Refinishing a Conference Table
From contributor P:
If the existing finish is truly high-build and the scratches aren't deep, why not try very fine sanding and buffing first? There’s nothing to lose except a little time.
From contributor G:
That's what I was thinking too. Start out with sanding at around 600 grit and bring it up to 2000 grit. Then buff it out. By doing it this way you won't have to worry about interactions with silicones or waxes. If you can't get a satisfactory result then you are halfway there to do the refinishing. You may want to de-wax and remove the possible silicones before you start the process just in case you have to do the refinish.
From contributor R:
A little job like helping a neighboring business like that can turn into a nightmare in a second. You don't know the existing finish, thickness of the finish, what they cleaned it with, on and on. You get the table in your shop, sand it down and get a little burn through in a spot. Then you touch it up. Then you hit it with the first coat and all hell breaks loose. Finish doesn't stick, or fish eyes, blushes, or who knows what else. Now you have a real mess and your neighbor wants a table back. You end up stripping it down to bare wood and then try to do a color match. This is played over and over in many shops that are not experienced with refinishing. Next thing you know you are now paying for the work because you didn't expect nearly that amount of work on the estimate. I stopped doing that kind of work years ago. Any refinishing is like walking into a mine field!
From the original questioner:
I understand Contributor R. I've taken shrapnel before. I usually paint enough of a horror story of what might happen to their invoice that most are scared off.
From contributor R:
Just going off of experience. In this case, it's a rare business owner that knows what the cleaning crew uses on the entire history of his tables. Same has gone on for me with residential. Most people might know what they used for the last couple of years, but not the entire life. Now it seems like more cleaning companies are working in residential - even more hazards there. I’m just warning that the simple jobs are the ones that seem to bite the hardest. Glad you don't have surprises with your refinishing, or the answers you get from your customers.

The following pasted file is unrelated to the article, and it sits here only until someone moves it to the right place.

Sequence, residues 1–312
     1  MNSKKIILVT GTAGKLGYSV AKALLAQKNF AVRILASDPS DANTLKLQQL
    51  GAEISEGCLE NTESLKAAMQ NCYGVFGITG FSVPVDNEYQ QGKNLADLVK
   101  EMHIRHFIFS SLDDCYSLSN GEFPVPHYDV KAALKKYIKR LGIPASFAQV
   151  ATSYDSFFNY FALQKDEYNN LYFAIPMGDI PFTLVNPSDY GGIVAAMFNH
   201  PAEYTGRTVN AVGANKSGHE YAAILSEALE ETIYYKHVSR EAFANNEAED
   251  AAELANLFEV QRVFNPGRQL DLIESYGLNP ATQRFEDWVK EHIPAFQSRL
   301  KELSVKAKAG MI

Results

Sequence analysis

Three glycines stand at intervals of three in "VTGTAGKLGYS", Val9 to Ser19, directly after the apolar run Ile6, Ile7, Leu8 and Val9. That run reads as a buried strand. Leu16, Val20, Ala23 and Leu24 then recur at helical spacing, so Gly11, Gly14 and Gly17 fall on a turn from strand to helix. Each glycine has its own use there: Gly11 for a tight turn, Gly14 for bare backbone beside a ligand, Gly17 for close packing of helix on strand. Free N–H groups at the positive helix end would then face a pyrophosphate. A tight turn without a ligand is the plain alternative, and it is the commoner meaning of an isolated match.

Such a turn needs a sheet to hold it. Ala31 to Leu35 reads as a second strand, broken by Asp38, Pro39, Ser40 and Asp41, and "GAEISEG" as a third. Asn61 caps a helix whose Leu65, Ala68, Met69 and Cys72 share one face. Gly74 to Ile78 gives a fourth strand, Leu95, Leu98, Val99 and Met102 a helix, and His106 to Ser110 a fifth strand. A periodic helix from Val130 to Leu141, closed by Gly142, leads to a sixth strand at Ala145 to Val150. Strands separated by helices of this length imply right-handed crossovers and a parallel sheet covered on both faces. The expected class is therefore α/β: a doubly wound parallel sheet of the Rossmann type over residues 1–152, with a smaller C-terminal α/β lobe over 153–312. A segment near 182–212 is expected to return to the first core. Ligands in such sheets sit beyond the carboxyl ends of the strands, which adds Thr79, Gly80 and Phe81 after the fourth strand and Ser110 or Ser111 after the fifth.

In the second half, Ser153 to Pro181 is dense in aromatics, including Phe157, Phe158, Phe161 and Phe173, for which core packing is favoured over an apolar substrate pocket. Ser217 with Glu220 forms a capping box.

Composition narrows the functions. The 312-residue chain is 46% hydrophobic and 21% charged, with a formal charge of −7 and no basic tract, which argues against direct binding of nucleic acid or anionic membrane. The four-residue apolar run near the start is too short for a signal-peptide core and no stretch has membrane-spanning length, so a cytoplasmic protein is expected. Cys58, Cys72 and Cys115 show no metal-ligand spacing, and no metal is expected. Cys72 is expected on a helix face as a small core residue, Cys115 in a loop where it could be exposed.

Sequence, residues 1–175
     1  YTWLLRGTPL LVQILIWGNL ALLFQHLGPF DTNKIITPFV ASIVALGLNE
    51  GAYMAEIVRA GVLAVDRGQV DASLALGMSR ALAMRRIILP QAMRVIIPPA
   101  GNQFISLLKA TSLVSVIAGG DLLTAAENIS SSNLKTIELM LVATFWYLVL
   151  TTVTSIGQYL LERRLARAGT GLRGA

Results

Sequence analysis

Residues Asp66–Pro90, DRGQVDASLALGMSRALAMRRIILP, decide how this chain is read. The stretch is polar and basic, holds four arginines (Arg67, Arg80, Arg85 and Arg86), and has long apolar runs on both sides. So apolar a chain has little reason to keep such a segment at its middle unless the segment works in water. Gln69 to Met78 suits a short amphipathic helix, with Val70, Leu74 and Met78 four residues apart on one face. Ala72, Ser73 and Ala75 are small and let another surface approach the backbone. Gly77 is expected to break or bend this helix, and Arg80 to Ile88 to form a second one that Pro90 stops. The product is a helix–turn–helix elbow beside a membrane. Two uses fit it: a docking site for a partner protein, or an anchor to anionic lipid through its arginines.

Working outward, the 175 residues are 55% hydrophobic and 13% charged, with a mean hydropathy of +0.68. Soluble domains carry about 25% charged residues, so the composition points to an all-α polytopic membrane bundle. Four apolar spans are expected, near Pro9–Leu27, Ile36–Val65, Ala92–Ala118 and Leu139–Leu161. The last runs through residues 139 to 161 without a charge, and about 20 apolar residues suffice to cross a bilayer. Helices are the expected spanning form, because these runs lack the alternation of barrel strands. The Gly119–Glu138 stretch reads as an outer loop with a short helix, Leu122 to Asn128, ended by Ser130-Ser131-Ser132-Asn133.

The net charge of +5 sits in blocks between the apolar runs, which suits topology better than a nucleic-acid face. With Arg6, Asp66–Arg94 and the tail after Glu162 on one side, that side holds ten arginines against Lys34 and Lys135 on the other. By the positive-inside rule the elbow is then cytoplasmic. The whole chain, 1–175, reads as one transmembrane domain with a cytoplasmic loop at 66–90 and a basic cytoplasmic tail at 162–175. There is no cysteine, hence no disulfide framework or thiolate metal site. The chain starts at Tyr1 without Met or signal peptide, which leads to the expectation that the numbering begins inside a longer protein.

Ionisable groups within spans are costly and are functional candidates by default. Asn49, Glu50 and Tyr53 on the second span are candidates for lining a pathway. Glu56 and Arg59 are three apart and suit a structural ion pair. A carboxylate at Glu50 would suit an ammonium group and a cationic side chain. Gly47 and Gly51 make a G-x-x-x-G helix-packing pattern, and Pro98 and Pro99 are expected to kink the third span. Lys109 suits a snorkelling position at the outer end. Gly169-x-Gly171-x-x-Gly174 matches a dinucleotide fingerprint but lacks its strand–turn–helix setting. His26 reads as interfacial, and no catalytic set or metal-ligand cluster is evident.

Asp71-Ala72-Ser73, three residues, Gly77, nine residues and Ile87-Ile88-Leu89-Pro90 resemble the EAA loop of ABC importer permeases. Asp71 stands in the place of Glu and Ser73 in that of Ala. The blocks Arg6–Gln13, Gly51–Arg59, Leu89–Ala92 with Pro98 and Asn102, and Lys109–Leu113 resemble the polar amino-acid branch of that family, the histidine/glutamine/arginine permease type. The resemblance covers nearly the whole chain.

I totally agree that the simplest looking project can and usually turn into a major pain. When you walk into the situation armed with experience and knowledge and then explain to the customer, “yea it looks like all we do is spray this thing, but it doesn't work like that.”
I would scrub it with steel wool and tons of rags, sand it down, scrub it again and proceed with a finish. I must say I don't know squat about 2K urethane, so I don't know if fisheye eliminator is compatible with it. I would use Krystal and the fisheye just to be safe. I know I'll get flamed for advocating fisheye eliminator but I’ve been using it for 20 plus years with no problem.
I agree with the multiple scrub-down, but with scotch-brite vs. steel wool owing to the oil in the wool. Scrub with solvents (VMP Naptha/mineral spirits/commercial de-waxer) then with some water type emulsifier/surfactant (oil soap (potassium oleate)/Dawn) and a clean rinse. If the scratches are light and the build deep could you simply compound the top?
From contributor S:
Does anyone use solvents and rubbing pads anymore? If the top just needs a refresh and small scratches removed I would start with a rubbing pad and something like Mohawk Amalgamator or Lacover. No stripping, sanding, refinishing and you can do it in the office where it sits. You’d probably be done in a couple hours at most depending on size. You'll know right away if it is not going to work on the unknown coating, but most likely it will.
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